The temporal resolution of this type of concentration measurement is determined by the repetition rate of the pump laser and by the number of wavelength scans averaged before each concentration measurement datum is calculated. In the present case the maximum repetition rate of the pump laser is restricted to around 1 MHz, in order to avoid overlapping the blue wing of one spectrum with the red wing of the following spectrum. The amount of averaging, however, is only dependent on the level of precision required. The top pane of the movie in Fig. 8 shows sequentially recorded experimental spectra, corresponding to averages of only 10 wavelength scans. The total acquisition time for each of those spectra was thus only 9 µs, corresponding to a continuous acquisition rate of 113 kHz. This is sufficiently fast to effectively freeze and resolve almost any turbulent or reactive flow process. The bottom pane shows the time-series of CH4 column density data determined from the individual spectra. The entire movie sequence covers just over 1 ms, in which time 120 independent concentration measurements are performed. The time series of CH4 column densities is seen to be stable, with a relative scatter of only 2.6%.

 

Fig. 8. (1.7 MB). Top: Movie of a continuous sequence of CH4 absorption spectra, recorded at an acquisition rate of 113 kHz. The laser repetition rate was 1.13 MHz, and each spectrum corresponds to an average of 10 spectra. Bottom: Time series of corresponding measured CH4 column density. [Media 2]

Download Full Size | PPT Slide | PDF

As the gas flow can be considered stable on such short timescales, the scatter in the evaluated column densities represents the precision of the dispersed supercontinuum measurement. In Fig. 9 the measured column density is shown as a function of the amount of averaging employed, which effectively determines the continuous acquisition rate as the repetition rate of the laser is kept constant. As expected the precision in the measurement decreases with increased acquisition rate, from 0.8% at 5.6 kHz to 2.6% at 113 kHz, as less and less averaging is employed.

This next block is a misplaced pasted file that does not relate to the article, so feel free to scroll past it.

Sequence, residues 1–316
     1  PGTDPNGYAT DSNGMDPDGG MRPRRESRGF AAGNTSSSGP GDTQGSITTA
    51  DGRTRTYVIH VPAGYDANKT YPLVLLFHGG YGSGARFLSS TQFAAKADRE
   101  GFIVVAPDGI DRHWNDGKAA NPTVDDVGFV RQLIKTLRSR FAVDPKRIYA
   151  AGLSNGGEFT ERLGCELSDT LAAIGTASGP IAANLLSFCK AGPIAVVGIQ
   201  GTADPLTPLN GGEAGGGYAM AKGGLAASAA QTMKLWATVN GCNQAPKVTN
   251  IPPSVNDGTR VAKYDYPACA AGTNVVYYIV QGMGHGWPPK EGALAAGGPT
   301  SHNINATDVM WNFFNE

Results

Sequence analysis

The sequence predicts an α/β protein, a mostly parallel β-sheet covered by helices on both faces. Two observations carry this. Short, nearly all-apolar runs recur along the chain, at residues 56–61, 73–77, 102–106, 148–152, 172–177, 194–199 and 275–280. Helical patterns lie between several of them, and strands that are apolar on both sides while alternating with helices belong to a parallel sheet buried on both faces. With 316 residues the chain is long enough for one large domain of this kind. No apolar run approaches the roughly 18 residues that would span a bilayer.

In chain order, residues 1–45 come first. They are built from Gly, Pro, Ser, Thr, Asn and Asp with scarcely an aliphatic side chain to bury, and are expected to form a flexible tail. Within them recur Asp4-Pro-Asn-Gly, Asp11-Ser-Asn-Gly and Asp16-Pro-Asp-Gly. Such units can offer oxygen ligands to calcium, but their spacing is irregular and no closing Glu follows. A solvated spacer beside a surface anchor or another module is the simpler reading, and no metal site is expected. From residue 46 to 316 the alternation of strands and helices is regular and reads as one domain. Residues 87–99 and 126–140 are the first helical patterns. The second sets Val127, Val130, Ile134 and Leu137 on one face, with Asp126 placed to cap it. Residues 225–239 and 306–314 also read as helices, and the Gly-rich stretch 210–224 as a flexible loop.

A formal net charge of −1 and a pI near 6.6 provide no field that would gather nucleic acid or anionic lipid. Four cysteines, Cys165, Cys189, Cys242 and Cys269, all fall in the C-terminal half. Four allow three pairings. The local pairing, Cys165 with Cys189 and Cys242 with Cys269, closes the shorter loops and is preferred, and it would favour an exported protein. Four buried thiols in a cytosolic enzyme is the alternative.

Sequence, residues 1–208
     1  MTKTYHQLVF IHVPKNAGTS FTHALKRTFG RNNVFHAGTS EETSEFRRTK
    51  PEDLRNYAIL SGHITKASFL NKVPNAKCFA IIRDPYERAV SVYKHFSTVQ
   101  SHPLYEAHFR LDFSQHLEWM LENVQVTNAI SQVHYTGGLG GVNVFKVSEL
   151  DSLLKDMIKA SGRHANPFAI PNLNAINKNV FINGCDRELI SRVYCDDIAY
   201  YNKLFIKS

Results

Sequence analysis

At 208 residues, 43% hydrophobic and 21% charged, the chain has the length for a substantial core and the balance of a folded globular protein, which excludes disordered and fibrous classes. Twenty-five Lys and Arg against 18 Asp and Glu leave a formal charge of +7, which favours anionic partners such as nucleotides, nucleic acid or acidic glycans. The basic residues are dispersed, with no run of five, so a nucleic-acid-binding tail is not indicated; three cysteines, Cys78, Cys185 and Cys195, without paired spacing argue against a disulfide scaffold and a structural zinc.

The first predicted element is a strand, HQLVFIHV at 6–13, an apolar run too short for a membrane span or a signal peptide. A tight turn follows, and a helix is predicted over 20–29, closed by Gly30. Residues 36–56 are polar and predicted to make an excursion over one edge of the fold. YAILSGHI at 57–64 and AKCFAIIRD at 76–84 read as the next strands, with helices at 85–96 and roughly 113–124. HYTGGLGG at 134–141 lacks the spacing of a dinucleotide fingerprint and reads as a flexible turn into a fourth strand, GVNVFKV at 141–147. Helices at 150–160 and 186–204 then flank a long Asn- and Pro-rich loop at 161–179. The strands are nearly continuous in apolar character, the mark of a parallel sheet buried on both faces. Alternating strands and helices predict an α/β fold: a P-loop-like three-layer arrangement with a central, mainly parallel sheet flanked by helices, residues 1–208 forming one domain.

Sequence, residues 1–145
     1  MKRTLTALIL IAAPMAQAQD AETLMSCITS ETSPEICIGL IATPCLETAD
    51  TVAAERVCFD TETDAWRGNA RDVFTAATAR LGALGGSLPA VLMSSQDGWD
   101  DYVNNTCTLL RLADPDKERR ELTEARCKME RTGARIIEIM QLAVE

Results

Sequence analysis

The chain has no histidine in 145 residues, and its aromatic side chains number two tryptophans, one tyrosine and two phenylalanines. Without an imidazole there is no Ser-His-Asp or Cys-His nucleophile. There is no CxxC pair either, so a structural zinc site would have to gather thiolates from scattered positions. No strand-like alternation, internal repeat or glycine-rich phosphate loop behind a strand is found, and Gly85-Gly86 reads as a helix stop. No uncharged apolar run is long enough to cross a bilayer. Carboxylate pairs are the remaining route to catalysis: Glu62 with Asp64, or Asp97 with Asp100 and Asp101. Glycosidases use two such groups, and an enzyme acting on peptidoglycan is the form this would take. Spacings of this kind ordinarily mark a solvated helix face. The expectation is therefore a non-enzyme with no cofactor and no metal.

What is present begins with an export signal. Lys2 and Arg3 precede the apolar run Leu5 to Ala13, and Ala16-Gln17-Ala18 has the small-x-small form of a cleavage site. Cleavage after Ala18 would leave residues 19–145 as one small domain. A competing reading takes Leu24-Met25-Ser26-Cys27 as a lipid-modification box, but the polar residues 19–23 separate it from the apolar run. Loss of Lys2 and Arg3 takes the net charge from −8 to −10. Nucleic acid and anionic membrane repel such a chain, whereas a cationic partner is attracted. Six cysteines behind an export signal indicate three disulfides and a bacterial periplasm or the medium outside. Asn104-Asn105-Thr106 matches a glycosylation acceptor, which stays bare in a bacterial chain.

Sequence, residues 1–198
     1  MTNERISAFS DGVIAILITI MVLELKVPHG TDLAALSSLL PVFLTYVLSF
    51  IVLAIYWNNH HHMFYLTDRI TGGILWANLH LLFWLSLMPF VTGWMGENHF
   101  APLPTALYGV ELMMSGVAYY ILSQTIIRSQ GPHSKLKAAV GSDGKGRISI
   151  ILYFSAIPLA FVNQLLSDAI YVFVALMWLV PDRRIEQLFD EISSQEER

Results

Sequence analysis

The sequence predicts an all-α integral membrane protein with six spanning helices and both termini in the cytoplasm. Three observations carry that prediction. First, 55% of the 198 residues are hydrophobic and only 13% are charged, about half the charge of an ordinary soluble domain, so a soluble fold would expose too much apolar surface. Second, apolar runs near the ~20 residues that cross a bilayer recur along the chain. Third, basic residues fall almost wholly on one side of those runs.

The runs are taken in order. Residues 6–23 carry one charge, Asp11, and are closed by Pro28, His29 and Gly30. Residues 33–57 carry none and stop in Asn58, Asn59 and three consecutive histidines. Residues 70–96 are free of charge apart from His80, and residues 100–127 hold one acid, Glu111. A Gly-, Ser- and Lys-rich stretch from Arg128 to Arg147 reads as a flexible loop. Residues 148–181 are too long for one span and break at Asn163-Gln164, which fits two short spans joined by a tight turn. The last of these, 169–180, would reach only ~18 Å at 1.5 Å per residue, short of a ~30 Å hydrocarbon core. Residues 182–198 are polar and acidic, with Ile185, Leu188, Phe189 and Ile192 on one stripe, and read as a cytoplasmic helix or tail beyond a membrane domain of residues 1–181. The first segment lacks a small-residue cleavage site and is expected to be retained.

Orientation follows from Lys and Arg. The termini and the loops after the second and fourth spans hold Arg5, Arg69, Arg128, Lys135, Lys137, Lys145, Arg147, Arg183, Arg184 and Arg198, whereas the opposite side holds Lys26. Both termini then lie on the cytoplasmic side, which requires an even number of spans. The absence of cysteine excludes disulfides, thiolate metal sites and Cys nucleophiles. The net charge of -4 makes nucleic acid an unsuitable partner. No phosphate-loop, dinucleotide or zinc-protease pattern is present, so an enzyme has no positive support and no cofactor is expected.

Fig. 9. CH4 column densities measured using the dispersed supercontinuum based absorption measurement technique. Average values and observed standard deviations as a function of the amount of averaging employed are shown. The relative precision is also shown as a function of the acquisition rate.

Download Full Size | PPT Slide | PDF

It is possible to increase the spectral resolution of the absorption measurement by increasing the amount of dispersion employed. In Fig. 10, a CH4 absorption spectrum recorded using two dispersion compensating modules instead of one is shown. The use of two DCMs doubles the dispersion, to around 4.4 ns/nm, resulting in a spectral resolution of around 22 pm. It should be noted that the resolution obtained is close to the fundamental limit set by the uncertainty principle, as the short temporal detection window employed ultimately limits the width of the instantaneous wavelength [25]. The use of dual dispersion modules is particularly valuable for achieving good spectral resolution at shorter wavelengths where the dispersion is lower. At the location of the H2O band shown in Fig. 4, around 1400 nm, the dispersion of a single module is only 1.0 ns/nm, which is about half that of the dispersion in the CH4 region.